Wednesday, September 4

Boundary Practice: Dodging a Raging Bull..................... 9/4/13

"For every minute you remain angry, you give up sixty
 seconds of peace of mind."      Ralph Waldo Emerson. 
 "When you are angry or frustrated, what comes out? Whatever it is, it's a good indi-cation of what you are made of.  H. Jackson Brown 


        Saturday evening, I dodged a raging bull.

       I did this calmly.  I even had presence of mind.  I came across this angry person while registering for the event at the front door.
  
      I hadn't seen her for two years.  "Why," she asked, "did you stop attending the meeting on Tuesday nights?"  I let her in on my reason.  

       Two and a half hours later, after the event was over, this woman stood behind a friend I was speaking to, giving intense eye contact.

        When the conversation was done with that friend, this woman, coiffed in a Mohawk hairdo tried---several times---to intimidate.  She wanted to scold.  My, was that interesting.  She found fault with what I said, earlier.

        The katas provided through years of training in nonviolent com-munication helped maintain my equanimity.  It permitted me to respond and not react.  I let her know I disagreed. 

        She was apoplectic, when I told her, "I never gave you permission to judge me.  I want you to stop.  We only do our own inventory."  This she knows.  She's attended Al-Anon Family Groups for two years and three months.  

        She also has been working this program with a sponsor, who once was my girlfriend.   I continued, "You do not do my inventory.  This is not how we do things in Al-Anon."  That is, a rundown of what was wrong with me. 

        She wanted to correct me because of my comment earlier that night.  She did not like my answer when I told her why I no longer attended the meeting.   
"Speak when you are angry and you will make the best speech you will ever regret."     Ambrose Bierce 
        Her eyes tried piercing my serenity.  She exasperatingly and loudly  blurted, "I'm only expressing my feelings!!"  She did this in the midst of Saturday's event, bustling with people.  The majority of whom have suffered because of their relating with bombastic people, mainly alcoholics.

          Like her.

         Ah, that was a misstep.  She said this to someone who knows  emo-tional and verbal aikido.

         My friends stood a foot and a half away.  They were behind her.  They were facing one another in a circle, chatting away, sharing their reaction to an inspiring time.  We had just heard two dynamic speakers.

         Little did they know about the drama unfolding next to them. I was gently smiling at my accuser.  I was facing them, feeling calm.  Even while encountering a raging bull.  "What would Christ, or the Dalai Lama do, in a similar occasion?" was my thought.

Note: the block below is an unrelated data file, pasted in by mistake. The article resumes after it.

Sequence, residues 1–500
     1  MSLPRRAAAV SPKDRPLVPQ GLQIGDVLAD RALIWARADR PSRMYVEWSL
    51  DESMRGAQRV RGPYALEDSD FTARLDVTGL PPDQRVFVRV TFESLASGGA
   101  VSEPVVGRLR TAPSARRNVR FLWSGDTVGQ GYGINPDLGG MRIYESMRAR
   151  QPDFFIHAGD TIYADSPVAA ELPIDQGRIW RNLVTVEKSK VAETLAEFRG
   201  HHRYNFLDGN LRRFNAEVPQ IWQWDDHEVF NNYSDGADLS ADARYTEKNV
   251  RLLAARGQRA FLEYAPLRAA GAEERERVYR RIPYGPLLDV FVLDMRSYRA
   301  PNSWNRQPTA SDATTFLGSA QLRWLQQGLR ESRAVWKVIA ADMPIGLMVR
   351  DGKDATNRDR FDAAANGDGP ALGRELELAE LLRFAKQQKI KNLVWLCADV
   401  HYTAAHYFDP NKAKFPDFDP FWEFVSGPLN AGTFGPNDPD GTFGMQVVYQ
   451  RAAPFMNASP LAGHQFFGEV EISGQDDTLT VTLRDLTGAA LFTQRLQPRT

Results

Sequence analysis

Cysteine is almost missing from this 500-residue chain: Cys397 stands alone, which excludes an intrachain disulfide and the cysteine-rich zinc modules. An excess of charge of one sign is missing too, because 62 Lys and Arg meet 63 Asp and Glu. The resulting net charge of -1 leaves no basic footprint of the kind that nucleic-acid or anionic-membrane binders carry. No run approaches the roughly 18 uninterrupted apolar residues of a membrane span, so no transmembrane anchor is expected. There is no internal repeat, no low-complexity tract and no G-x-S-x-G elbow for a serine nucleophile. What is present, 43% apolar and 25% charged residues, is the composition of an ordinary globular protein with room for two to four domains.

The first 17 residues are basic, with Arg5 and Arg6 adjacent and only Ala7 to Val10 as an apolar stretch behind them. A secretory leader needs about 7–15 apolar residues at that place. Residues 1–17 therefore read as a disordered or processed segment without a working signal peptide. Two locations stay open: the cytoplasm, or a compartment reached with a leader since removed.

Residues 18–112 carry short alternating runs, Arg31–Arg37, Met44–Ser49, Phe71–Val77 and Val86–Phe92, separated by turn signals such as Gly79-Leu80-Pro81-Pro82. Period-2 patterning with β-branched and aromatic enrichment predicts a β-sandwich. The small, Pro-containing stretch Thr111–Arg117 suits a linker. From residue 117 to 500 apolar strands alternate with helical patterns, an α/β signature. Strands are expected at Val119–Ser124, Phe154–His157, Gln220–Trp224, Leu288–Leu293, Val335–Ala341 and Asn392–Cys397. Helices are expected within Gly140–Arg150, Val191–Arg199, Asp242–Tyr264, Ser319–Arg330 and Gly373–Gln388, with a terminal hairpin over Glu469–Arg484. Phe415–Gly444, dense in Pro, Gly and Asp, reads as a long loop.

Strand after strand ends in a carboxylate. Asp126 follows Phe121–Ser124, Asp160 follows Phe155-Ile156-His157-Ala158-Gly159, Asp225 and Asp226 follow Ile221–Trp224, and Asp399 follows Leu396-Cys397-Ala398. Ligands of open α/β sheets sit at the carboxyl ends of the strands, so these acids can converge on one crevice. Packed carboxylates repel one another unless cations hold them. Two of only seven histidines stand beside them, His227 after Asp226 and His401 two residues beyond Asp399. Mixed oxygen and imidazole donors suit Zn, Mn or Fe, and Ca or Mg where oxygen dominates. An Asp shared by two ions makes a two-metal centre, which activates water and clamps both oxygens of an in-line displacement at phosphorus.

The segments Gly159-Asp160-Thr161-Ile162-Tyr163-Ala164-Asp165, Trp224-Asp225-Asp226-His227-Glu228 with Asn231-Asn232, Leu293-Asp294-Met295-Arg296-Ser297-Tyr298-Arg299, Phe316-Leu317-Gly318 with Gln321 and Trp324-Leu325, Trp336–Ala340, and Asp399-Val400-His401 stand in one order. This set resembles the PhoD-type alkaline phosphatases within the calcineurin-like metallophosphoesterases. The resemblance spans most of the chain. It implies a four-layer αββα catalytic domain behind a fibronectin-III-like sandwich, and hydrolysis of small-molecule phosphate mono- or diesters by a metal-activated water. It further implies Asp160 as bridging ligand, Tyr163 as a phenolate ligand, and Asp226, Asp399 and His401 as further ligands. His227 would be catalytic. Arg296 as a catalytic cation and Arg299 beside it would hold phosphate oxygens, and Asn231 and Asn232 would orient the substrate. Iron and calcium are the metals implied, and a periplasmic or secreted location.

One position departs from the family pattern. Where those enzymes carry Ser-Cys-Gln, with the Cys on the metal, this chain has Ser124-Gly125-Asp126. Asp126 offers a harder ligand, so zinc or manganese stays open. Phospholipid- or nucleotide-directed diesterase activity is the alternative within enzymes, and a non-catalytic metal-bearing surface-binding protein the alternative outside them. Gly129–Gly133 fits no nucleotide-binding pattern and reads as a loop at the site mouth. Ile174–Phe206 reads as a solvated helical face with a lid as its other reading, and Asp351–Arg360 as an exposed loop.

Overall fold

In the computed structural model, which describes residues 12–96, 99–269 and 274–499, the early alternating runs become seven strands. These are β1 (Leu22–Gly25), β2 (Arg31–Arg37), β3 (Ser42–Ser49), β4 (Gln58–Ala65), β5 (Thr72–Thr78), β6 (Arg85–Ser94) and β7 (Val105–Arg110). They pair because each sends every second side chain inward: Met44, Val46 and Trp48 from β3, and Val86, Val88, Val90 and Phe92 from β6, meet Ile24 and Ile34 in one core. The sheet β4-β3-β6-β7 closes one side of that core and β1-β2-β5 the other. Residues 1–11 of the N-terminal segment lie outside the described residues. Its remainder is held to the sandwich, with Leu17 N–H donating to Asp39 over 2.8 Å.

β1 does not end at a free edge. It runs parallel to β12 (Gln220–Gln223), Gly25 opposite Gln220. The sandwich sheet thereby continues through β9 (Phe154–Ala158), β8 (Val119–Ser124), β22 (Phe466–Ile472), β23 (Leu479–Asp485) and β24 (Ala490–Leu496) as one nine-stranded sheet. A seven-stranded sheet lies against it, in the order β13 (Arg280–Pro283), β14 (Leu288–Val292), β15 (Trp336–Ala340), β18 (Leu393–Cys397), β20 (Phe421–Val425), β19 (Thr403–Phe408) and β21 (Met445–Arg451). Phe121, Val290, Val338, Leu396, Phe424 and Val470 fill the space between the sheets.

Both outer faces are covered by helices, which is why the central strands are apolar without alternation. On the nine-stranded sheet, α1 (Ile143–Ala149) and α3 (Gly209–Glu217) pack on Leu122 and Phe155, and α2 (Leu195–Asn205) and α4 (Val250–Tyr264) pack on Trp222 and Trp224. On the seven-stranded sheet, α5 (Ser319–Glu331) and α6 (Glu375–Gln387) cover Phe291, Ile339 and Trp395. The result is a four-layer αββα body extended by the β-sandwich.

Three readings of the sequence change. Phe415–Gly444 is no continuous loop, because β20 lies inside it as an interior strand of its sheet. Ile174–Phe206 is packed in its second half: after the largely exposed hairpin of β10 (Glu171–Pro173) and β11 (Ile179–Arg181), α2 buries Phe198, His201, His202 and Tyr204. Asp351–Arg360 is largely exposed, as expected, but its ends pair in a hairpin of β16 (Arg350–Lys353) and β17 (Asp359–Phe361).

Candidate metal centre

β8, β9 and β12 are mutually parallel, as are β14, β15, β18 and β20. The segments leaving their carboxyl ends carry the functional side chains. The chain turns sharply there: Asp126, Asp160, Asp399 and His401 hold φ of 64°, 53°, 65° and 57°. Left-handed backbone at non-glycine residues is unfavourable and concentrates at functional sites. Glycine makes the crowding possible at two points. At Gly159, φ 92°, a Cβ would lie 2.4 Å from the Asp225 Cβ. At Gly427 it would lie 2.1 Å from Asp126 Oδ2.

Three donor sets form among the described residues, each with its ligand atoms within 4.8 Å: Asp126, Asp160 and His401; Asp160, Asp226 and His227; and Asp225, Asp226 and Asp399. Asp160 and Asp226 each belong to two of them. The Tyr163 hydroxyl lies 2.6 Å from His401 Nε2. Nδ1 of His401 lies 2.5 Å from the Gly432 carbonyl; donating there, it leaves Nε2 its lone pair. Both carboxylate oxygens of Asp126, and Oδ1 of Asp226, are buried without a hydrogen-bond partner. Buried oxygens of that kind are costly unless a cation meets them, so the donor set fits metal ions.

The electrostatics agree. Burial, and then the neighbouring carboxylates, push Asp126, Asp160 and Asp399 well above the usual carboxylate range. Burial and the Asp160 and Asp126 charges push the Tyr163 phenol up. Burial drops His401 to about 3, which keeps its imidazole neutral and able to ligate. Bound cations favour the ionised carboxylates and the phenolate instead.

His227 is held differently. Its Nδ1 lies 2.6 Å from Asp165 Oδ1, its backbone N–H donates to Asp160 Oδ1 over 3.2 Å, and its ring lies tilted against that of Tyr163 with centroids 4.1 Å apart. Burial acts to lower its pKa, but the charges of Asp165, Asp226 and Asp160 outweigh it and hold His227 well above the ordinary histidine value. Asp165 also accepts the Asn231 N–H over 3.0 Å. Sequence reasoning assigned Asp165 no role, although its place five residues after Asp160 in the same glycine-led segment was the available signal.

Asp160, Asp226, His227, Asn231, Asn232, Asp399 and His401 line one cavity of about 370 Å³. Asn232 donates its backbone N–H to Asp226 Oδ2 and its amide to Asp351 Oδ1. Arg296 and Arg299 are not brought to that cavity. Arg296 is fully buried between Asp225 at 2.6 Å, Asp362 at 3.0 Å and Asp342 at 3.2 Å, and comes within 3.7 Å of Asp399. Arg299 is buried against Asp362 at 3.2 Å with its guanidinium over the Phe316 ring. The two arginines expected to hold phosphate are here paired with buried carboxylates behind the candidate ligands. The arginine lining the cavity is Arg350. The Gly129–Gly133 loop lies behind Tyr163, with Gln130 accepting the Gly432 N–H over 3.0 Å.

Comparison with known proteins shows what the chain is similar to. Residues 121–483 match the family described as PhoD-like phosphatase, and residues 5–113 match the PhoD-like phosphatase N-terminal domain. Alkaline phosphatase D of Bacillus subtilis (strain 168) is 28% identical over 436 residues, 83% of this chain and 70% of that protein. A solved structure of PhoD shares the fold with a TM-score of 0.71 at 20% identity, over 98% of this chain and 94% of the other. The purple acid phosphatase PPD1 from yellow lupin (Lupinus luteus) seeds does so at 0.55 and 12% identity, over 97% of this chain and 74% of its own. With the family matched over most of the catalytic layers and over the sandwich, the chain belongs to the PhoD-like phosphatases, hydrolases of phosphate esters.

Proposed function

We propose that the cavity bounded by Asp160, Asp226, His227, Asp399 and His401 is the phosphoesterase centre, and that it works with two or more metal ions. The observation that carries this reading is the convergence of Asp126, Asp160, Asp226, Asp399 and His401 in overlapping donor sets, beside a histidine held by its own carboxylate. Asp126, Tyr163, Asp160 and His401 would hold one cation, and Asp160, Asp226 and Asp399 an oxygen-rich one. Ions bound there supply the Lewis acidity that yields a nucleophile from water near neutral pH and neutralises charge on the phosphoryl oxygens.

Back to the drama on Dowling Street, in San Leandro........
        Love apples filled my cheeks, as I spoke.

        "You are not expressing your feel-ings.  You are judg-ing. You're making a statement about my behavior.  That is not expressing emotions."  She was dumbfounded.  Her mouth was agape, the smoke emitting from her ears, stopped. 

         "I'm not in agreement with you,"  I continued. "I do not like your parental tone.  I am your equal and you are mine."


         We get what we tolerate.  Every adult has a right to dis-agree.  Only little children not making sense are prohibited from disagreeing with adults. 

         I added, "Thank you for sharing. What you've said allows me to know your values and your worldview.  This conversation is over.

          She huffily replied, "Thank you for letting me share." 

          "You're welcome," I replied. 

           And that was that.  

            I was none the worse for emotional wear.  I took two and a half steps forward, rejoining my circle of friends with a smile.  They had no clue that enduring a tempest with an angry person was just had by this writer. 

      Some principles fixed in my mind, while making like a bullfighter that night: 
 Our feelings, whether good or bad, are our property. They fall within our boundaries.  Our feelings are our re-sponsibility. Others' feelings are theirs. If other people feel sad, it is their sad-ness. This does not mean that they do not need someone else to be with them in their sadness and to empathize with them.  It does mean the person who is feeling sad [or angry] must take re-sponsibility for that feeling.              Henry Cloud, Changes That Heal, (Grand Rapids: Zondervan, 1992) 123
Also,
If we feel responsible for others peo-ple's displeasure, we are being controlled by others, not by God [or our principles]. This is a basic boundary disturbance..... If self-centered people are angry at you, it means you are learning to say no to evil.  If mean people are displeased with you, it means that you are stand-ing up to abuse..... If your parents do not like the decisions that you as an adult feel God has led you to make, it means you are growing up.                                                               Changes, 123
       We don't want to put another person's anger in control of our lives.  Heavens, that's codependency and something most people do, unfortunately.  

Gratitudes We Can Have: